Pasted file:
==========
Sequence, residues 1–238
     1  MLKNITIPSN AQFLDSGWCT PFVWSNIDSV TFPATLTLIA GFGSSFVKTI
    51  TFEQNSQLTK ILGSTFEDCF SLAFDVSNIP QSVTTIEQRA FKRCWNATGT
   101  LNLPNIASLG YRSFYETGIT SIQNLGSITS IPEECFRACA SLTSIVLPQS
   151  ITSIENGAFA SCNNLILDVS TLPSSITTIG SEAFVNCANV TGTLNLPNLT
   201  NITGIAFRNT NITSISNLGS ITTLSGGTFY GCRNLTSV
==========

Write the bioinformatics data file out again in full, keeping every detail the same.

Sequence, residues 1–238
     1  MLKNITIPSN AQFLDSGWCT PFVWSNIDSV TFPATLTLIA GFGSSFVKTI
    51  TFEQNSQLTK ILGSTFEDCF SLAFDVSNIP QSVTTIEQRA FKRCWNATGT
   101  LNLPNIASLG YRSFYETGIT SIQNLGSITS IPEECFRACA SLTSIVLPQS
   151  ITSIENGAFA SCNNLILDVS TLPSSITTIG SEAFVNCANV TGTLNLPNLT
   201  NITGIAFRNT NITSISNLGS ITTLSGGTFY GCRNLTSV